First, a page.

But on the right team, he can be the perfect secret sauce in the pantry. He’s the future at tight end, a versatile chess piece that can be moved all over the board. Seems like a New England Patriots type player, which means the Jets should draft him just to keep him away from the Pats.

Durham Smythe, TE, Notre Dame

Smyth (6-foot-5, 257 pounds) falls on the other side of the coin, possessing prototypical size for the position. He also carries the Notre Dame brand, which brings with it a certain level of prestige in the NFL. Just look at the recent history at the position:

  • Tyler Eifert
  • Kyle Rudolph
  • John Carlson
  • Anthony Fasano

There’s a lineage there and Smythe seems like the next future star in line to succeed at the NFL level. He has battled injuries and role deficit disorder (what the heck kind of player am I?). Is he a receiver or a blocker? I’ll let you be the judge.

Ogbonnia Okoronkwo, DE/OLB, Oklahoma

A son of Nigerian immigrants, the man better known as ‘Obo’ is a tweener in every sense of the word at 6-foot-1 and 253 pounds. That said, we’ve seen short guys succeed at the next level if they have that necessary pop.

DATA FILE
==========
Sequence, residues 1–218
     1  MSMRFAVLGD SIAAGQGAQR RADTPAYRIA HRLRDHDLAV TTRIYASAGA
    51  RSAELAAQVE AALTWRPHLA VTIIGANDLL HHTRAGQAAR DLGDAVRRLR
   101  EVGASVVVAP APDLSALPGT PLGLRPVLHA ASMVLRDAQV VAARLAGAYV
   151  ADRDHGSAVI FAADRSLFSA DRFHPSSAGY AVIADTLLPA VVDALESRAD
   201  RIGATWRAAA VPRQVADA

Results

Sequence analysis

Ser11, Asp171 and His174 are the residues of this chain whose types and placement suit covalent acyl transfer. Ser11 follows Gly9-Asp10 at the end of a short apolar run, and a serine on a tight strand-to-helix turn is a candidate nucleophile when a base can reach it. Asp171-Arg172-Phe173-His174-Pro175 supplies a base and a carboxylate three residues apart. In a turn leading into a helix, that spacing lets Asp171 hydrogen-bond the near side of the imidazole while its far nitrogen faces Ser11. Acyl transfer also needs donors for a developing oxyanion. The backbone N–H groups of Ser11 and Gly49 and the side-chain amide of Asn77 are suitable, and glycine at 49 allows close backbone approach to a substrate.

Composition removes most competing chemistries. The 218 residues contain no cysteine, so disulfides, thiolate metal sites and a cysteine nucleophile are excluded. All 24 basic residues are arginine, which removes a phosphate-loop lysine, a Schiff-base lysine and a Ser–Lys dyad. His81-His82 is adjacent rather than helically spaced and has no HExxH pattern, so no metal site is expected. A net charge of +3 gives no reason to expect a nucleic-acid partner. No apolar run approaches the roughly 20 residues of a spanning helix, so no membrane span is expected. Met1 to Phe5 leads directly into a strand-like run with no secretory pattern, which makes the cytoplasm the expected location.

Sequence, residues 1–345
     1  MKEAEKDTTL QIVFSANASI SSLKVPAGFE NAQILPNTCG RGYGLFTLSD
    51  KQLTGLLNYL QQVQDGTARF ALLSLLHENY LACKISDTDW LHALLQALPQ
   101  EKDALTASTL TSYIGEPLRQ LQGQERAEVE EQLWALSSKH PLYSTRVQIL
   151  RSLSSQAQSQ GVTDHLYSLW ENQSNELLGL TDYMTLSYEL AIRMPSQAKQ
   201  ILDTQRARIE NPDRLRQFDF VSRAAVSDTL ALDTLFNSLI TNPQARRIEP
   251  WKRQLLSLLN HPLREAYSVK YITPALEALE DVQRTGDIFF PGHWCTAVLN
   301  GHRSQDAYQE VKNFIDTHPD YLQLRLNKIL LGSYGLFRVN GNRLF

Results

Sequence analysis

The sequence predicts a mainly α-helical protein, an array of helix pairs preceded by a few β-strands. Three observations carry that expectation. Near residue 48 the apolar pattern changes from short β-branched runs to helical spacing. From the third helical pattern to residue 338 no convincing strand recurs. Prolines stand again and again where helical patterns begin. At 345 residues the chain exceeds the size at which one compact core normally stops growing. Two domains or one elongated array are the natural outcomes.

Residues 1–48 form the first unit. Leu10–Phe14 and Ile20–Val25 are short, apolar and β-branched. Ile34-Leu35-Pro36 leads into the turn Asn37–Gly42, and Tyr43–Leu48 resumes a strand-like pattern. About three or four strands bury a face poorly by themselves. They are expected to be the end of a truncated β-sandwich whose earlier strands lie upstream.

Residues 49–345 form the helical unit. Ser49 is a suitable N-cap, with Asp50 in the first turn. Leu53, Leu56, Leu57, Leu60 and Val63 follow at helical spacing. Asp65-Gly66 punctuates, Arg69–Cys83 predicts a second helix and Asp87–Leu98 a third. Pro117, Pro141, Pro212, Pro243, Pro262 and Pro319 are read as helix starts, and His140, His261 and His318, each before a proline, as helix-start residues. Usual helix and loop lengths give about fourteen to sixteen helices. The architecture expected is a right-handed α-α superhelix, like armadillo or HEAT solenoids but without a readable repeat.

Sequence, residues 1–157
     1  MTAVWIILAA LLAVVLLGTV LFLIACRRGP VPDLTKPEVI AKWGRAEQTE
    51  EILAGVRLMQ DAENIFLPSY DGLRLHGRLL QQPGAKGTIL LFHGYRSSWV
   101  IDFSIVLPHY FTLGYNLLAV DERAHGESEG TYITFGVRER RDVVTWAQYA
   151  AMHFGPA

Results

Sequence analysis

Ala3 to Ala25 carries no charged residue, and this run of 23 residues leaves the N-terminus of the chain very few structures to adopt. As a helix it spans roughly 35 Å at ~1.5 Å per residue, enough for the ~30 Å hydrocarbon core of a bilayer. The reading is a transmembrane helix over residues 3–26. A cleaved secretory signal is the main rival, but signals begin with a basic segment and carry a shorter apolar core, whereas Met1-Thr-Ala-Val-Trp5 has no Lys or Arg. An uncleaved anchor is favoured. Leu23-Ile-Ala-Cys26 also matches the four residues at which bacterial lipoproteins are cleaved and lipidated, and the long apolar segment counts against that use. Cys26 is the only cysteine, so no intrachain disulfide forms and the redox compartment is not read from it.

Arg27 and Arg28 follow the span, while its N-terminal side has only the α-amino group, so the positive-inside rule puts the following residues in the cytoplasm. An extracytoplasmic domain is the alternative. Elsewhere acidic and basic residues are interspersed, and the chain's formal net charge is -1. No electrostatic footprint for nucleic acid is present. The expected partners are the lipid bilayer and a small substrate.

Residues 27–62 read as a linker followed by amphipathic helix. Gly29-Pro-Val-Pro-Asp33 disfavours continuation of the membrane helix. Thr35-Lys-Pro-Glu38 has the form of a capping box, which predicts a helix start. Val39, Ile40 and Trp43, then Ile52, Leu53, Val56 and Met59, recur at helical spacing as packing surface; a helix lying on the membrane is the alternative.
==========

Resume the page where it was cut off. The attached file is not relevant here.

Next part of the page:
He’s not an athletic freak, but he’s a blue-collar, hard-working, high-motor player. Think in the mold of former Jets star Bryan Thomas, just a little smaller and lighter. But he can have a very nice NFL career.

Josh Sweat, DE/OLB, FSU

Of course, covering the ACC and the Syracuse Orange for Inside the Loud House, I’ve seen some tape on Josh Sweat. He’s an intriguing talent who was a former top-10 recruit and five-star talent. It makes sense he picked the Seminoles who have a proven pipeline from the collegiate ranks to the pros.

He could be LONG gone by the fourth round, but I have a funny feeling he’s going to slide on draft day. A typical boom-or-bust player who can easily be slapped around due to balance issues.

Shaquem Griffin, LB, UCF

The story of the NFL Combine was Griffin, but did you know that almost wasn’t the story? That’s because Griffin wasn’t initially invited to the annual event. Just think—we could have been deprived of the clinic he held.

But it’s more than just the story of Griffin and playing with one functional hand, it’s about his ability to play the game of football which should no longer be questioned. If the Jets draft Griffin it’s not because it’s a feel-good story, it’s because they’re picking a talented player who can help this team win.

People call me Boy Green for my unwavering dedication to all things New York Jets. I work at The Score 1260 in Syracuse and I'm extremely passionate about sports. I aspire to continue my rise through the business and hopefully I'll end up working for the New York Jets in some capacity.